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‘Nurse Jackie’ recap: I am a nurse

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Many times in the past, "Nurse Jackie" seemed like two different shows. There was the heavy, dark storylines about Jackie dealing with her addiction and the havoc it caused in everyone’s life around her, and then there were the goofy, light-side stories about Zoey flirting with Lenny or Coop upset that his lesbian moms were getting a divorce. The problem is when you get an actor as commanding as Edie Falco doing your dark side, the light side can get overshadowed. The whimsical antics of the other nurses becomes trivial after watching Jackie smash her finger with a hammer to cover up that she had to cut off her wedding ring. 

I wrote last week how Season Four feels like a turning point for "Nurse Jackie." She was finally facing accountability for her actions instead of slipping free of blame like she had so many times before. This week, "Nurse Jackie" continues on that path, giving the side characters in Jackie’s life major changes themselves. Everyone on "Nurse Jackie" is becoming as interesting as Nurse Jackie. 



Jackie burns through her first four days of rehab rolling around in bed to a soundtrack of Beck while small hands steal items from her lunch tray (which I think actually is Step One). I was worried that "Nurse Jackie" was going to fast forward through all of her rehab days, but she finally woke up on Day 5 to face her life for the next three weeks. Her group therapy includes a Southern lady with an issue with QVC clowns, green-haired Charlie, baseball self-abuser Wayne, and Jackie’s kleptomaniac  roommate Doris, whose letter to Alexis I really wanted to hear. Jackie introduces herself by saying she’s a nurse. There really isn’t much more to say. 

Jackie has always been able to work the system to continue her addiction, but in rehab she runs into a few people who seem to be a little bigger of a challenge. Her counselor, Laura, seems to have learned a lot as Dr. Katz’s receptionist. She is smart and blunt. She catches Jackie’s attempts to change the subject and cuts her to the bone with her observations. She even knows the dates of all the daily meditations. 

If that isn’t enough, turns out green-haired Charlie sees through Jackie’s BS like he has X-ray vision. He has already laid claim to the broom closet. Jackie brings the coffee she stole from the front desk clerk. He might only be 17, but he is in rehab No. 4, and he manages to bring out the true origin of Jackie’s drug use. She tells the group one story about slipping while nursing and getting meds to finish off her shifts, but in reality, she took pills to cope with Grace’s crying as a baby. Gives a new level to Jackie’s addiction. 

 Back at All Saints, the other nurses adjust to their newest coworker, Nurse Akalitus. She doesn’t want to be treated differently than anyone else, as long as no one calls her by her first name and someone orders her a new chair. Dr. Cruz continues leading the conversion by new owners Quantum Bay. He takes O’Hara and Coop on to the roof to tell tales of new helipads, and O’Hara lets slip the truth about her pregnancy. In front of Coop. She must secretly have wanted it to get out.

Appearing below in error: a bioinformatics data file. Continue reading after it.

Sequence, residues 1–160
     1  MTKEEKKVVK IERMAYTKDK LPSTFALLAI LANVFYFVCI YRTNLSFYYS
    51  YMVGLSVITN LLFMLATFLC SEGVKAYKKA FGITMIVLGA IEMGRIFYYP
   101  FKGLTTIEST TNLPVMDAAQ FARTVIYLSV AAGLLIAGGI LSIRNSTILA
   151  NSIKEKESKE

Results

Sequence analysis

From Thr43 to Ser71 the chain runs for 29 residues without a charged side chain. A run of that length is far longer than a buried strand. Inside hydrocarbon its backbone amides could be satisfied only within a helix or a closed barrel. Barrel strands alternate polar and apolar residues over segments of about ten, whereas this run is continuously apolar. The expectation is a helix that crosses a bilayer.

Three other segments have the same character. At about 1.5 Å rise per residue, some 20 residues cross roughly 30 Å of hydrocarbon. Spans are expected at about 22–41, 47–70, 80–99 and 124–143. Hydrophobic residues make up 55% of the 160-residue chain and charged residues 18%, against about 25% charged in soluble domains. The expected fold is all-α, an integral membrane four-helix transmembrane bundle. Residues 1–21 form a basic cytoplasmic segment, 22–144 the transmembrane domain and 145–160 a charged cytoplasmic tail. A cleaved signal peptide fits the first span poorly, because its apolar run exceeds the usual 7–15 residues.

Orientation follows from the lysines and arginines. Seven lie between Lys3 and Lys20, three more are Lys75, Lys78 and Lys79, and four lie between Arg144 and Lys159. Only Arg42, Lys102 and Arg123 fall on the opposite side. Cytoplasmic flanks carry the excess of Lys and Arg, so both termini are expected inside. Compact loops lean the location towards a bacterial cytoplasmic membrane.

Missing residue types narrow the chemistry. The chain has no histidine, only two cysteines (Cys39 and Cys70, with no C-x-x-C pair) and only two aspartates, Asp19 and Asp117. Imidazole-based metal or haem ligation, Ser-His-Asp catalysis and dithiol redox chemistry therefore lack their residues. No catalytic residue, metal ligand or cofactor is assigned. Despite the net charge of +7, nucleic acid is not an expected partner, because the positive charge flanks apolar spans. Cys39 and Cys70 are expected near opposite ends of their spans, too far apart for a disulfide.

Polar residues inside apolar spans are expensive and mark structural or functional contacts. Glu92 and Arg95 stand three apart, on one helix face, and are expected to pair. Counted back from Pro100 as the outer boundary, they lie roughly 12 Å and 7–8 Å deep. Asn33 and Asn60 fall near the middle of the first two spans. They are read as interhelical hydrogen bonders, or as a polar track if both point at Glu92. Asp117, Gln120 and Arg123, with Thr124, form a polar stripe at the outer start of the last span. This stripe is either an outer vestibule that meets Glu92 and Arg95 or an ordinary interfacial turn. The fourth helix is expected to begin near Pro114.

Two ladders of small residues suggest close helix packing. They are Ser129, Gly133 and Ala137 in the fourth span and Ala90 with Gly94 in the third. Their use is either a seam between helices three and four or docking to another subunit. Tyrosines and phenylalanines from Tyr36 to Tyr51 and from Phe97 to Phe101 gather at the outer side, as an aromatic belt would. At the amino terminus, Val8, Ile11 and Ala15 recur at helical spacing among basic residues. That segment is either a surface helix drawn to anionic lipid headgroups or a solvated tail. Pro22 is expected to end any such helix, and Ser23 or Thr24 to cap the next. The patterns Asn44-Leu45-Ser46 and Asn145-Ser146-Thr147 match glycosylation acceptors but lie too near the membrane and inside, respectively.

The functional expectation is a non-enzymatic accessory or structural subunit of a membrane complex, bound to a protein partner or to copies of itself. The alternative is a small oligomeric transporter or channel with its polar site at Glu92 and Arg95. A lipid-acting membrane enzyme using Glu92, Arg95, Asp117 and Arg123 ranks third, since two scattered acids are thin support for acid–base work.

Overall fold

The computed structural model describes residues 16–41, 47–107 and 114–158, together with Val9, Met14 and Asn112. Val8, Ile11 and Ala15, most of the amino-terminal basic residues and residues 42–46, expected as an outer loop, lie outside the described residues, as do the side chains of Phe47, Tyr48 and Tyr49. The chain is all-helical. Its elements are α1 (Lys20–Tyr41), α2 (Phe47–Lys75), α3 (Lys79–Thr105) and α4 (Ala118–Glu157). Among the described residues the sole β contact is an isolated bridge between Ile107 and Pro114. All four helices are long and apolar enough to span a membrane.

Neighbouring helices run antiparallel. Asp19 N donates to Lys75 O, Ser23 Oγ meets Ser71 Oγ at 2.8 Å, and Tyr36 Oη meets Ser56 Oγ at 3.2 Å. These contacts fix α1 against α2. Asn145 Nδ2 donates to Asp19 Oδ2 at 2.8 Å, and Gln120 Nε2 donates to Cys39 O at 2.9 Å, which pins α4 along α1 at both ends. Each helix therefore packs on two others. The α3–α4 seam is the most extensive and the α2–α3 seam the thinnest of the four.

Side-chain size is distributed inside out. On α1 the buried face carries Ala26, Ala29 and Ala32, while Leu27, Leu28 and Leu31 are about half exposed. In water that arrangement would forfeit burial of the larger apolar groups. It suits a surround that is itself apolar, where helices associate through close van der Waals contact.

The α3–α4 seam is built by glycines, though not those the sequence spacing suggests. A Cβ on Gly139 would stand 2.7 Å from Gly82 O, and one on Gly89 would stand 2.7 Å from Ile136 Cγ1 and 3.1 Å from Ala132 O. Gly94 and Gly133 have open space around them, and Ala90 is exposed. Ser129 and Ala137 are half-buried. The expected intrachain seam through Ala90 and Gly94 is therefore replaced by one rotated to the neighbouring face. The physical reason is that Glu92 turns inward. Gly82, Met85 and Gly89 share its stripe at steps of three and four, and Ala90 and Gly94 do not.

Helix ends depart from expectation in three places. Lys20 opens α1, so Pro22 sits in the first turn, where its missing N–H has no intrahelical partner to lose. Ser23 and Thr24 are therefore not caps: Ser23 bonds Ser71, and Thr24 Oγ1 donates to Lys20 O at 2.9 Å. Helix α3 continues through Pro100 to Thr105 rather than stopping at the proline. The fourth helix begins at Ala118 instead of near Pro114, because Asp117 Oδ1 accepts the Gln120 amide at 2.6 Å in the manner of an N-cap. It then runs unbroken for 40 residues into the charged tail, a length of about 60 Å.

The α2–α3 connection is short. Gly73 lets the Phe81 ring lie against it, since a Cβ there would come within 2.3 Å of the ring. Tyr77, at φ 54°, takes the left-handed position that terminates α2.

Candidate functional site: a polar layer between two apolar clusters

Turns out between the two of them, Dr. Cruz is the one who runs with the information. Coop can’t help bragging that he knows a secret about O’Hara, but he doesn’t get the chance to say what it is. Cruz makes use of his authority, switching the doctors and nurses around both on cases and in offices. He uses being a controlling jerk as a disguise to hide him accommodating for O’Hara’s pregnancy. I’m not sure if that makes him a nice guy or not. O’Hara does tell Akalitus about the bun in her oven to ease the pain of losing her office. It was fun to watch them enjoying the news. 

That’s when O’Hara gets the call from Jackie that she needs to see Grace. Confessing that Grace crying as a baby jump-started her addiction must have been too much for Jackie. She had to see her oldest daughter, but that means lying and cheating. Ratting out Charlie for his illegal phone to distract the front desk nurse and then deceiving Grace into thinking the rehab was actually her new job. 

Jackie does get to see Grace, but like Laura warned her (and promised us) last week, Jackie will be held accountable for her actions. Laura threatens to throw Jackie out of rehab, going as far as to let her pack. She needs Jackie to want to be there, want to work the system. She follows up with the great line “The only person you’re going to save here is yourself.”

Of course that’s not the case. In the middle of the night, her roommate, Doris, has a stroke. Not only is Jackie able to catch it, she also comforts Doris as they wait for the paramedics to arrive (as much damage as Jackie does, there’s no one you want more at your bedside). Jackie can still save lives, and she can do it five-day sober. You can see in her eyes at the end that she gets it. She can be happy, save lives, and be a better person without drugs. Hopefully that high is enough to keep her from stumbling at temptation. 

Related:

'Nurse Jackie' recap: Act Two

'Nurse Jackie' recap: the Sweet Tease

Complete 'Nurse Jackie' coverage on Show Tracker

-Andrew Hanson

Photo: Edie Falco as Jackie Peyton, Jake Cannavale as Charlie Cruz, and Carmelo Anthony as Wayne. Showtime Television. 

 
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